Thinking of leaving church? Do so in style! You have probably already considered:
-Taking up work on a Sunday and whichever other day one of those church groups wants you to attend some group to do something churchy;
-‘Forgetting’ to turn up and hoping that others will return the favour by ‘forgetting’ to ask you to do so;
-Issuing a semi-formal and, over time, rehearsed statement of why going to church is unbiblical or just hasn’t worked for you, etc;
-Relocating to the mountains, or some pagan country;
-Telling former-fellow churchgoers you don’t speak their language (any more), in a thick heathen accent;
– Or, seeking out a new church where everyone spends their time playing Nintendo instead;
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The thoughtful apostate of the church (no! not necessarily of their faith) considers all of these options and more. I can very honestly¹ tell you that I have scraped the bottom of the ecclesiastical barrel looking for a church that spends their time playing Nintendo.
Now pose I a question to the thoughtful apostate: Is it indeed possible to leave church while remaining physically there?
Returns the Querdenker: Yes, in the same way somebody who attends a lecture elects to absent their mind in favour of sleep, yet why sleep in a lecture if you can sleep in a bed?
Pose I another question: What if this kind of leaving church is an active leaving rather than a passive?
Concludes the apostate: I think you’re just trying to trick me into going back to church through your linguistic manipulation, fool.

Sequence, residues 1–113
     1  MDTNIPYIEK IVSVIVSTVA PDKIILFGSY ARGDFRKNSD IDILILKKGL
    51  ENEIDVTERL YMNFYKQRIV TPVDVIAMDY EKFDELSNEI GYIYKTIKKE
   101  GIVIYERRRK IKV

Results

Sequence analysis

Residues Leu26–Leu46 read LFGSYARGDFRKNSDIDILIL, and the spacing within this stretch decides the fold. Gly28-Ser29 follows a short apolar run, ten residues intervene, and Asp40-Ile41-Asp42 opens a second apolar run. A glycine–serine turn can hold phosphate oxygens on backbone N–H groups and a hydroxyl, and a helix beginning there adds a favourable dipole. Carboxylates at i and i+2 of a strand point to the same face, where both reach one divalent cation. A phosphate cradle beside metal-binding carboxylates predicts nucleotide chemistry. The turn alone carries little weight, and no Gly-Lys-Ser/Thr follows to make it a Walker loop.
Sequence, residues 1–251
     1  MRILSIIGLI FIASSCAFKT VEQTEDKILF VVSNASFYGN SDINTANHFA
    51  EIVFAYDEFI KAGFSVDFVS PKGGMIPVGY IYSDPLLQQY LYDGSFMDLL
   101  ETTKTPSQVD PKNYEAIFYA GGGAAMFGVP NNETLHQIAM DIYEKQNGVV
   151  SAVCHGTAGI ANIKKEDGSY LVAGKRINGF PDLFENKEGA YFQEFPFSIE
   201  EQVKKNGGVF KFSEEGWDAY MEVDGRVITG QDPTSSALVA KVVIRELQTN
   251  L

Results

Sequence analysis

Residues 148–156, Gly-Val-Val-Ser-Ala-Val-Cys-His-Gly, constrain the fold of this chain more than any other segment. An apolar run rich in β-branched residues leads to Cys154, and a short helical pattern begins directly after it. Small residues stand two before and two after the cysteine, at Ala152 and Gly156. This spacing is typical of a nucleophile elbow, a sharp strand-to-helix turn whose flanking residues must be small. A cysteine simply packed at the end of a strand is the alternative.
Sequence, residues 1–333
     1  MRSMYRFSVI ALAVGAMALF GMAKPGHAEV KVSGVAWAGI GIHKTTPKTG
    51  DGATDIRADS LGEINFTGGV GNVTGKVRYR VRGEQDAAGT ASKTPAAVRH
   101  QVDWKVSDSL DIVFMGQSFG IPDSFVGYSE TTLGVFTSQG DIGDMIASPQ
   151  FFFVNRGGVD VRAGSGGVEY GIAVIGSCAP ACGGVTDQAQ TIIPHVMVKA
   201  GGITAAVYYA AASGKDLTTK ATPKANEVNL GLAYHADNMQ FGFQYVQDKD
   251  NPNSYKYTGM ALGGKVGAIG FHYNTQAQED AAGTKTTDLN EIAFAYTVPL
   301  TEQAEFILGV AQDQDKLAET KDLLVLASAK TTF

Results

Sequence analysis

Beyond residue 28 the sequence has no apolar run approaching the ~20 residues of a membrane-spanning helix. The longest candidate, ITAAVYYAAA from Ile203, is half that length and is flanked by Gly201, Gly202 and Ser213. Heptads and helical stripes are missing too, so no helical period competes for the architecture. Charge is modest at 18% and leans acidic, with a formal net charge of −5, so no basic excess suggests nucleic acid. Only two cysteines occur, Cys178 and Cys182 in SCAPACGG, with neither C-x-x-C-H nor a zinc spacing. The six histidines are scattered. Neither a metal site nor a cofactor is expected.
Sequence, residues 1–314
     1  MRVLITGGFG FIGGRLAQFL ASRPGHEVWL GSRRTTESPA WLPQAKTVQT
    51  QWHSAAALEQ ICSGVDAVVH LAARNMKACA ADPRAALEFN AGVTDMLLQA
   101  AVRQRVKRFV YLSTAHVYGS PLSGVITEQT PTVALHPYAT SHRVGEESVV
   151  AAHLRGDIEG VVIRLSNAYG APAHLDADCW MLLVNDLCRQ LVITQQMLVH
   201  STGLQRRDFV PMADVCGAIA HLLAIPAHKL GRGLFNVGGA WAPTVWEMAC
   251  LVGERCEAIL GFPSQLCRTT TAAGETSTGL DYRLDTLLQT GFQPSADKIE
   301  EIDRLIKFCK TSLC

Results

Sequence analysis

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How, then, could it be that the most styly way to leave church is to actually remain there? The Old Testament prophet Elijah exemplifies this.
Firstly the Spirit calls him away from his community to live in Zarephath, north of Israel in Sidon (1Kings 17:9). This is a physical departure, and I am sure people before have felt the call to leave their community physically for reasons such as being of better Kingdom use in another community, taking some time to look at the world through different lens or just finding it important to move on from any hurt they experienced in their former community. In Elijah’s new community he ministers to a widow by restoring her dead son to life. While he is gone, God is doubtless working in the hearts of his former community, as God also worked in the heart of the widow before Elijah met her.
After three years of being away from his community, the Lord calls Elijah back there (1Kings 18:1). The situation is dire: There is a three-year-long drought throughout the land, causing animals, people and crops to suffer, and much of the nation has turned to Baal, a foreign god. Prophets of Yaweh (the God of Israel), of which Elijah is one, are enthusiastically persecuted as the monarchy encourages Baal worship. Elijah’s community is fundamentally different to him in both ideology and practice. He can leave again to avoid persecution² or assimilate a large portion of himself to the new community identity. Instead, he chooses to do both and neither. He leaves the community by remaining with them and assimilates himself by retaining his prophet-hood. His value to his community is not as someone who contributes positively to their focus, but as a thorn in their side, an attendee who contributes to his community by steering it in a direction against that in which it is already heading.